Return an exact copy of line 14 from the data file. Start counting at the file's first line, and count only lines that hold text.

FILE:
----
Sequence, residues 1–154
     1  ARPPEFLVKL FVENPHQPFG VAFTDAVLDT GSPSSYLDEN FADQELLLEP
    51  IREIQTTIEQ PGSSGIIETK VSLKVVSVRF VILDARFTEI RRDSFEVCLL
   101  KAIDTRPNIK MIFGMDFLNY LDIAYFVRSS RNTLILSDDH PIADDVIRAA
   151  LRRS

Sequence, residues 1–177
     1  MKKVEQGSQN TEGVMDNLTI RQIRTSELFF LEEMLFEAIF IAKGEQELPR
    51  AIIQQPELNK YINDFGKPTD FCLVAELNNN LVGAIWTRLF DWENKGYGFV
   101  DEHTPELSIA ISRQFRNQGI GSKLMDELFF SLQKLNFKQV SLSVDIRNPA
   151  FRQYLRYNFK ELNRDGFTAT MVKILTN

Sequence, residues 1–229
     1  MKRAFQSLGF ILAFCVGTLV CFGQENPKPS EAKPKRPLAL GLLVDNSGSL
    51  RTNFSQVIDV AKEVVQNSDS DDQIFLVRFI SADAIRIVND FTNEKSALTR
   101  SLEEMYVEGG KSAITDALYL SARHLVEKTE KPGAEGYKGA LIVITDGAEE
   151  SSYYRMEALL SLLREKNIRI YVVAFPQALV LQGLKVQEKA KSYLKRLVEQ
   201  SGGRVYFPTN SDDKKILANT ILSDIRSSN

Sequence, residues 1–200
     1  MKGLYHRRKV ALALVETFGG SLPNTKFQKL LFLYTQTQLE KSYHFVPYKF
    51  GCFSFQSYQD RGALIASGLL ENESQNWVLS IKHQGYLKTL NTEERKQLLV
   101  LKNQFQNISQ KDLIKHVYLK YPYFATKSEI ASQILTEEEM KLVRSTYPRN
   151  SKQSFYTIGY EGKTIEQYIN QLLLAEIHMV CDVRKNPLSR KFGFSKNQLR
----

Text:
   101  SLEEMYVEGG KSAITDALYL SARHLVEKTE KPGAEGYKGA LIVITDGAEE